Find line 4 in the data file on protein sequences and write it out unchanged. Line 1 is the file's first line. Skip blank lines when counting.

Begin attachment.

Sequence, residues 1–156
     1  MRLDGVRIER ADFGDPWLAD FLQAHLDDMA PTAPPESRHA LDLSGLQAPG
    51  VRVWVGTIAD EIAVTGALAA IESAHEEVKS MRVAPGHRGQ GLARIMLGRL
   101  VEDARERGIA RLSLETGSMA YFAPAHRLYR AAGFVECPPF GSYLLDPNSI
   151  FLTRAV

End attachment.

   101  VEDARERGIA RLSLETGSMA YFAPAHRLYR AAGFVECPPF GSYLLDPNSI